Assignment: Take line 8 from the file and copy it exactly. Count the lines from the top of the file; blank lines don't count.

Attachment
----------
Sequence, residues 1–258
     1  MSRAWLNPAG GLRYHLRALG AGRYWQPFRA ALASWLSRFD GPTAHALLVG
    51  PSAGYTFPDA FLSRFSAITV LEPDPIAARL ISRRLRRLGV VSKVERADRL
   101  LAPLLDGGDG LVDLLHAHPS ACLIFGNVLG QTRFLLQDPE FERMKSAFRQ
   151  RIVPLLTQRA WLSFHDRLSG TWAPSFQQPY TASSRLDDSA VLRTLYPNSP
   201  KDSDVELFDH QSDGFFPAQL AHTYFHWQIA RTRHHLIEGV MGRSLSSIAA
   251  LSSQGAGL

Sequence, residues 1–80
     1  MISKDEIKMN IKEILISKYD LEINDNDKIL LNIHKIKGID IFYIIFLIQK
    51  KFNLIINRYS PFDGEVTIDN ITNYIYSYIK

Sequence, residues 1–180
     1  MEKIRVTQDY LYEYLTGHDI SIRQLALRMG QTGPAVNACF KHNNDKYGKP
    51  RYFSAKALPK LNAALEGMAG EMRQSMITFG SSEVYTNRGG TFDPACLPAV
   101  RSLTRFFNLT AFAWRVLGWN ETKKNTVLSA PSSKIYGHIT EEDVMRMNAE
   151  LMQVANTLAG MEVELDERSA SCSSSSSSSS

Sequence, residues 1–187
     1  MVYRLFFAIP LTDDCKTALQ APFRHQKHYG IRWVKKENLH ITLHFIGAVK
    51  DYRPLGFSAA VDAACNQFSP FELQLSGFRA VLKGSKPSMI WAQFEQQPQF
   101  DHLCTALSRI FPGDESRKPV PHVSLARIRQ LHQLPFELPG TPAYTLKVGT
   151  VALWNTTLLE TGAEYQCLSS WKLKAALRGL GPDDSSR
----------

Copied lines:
Sequence, residues 1–80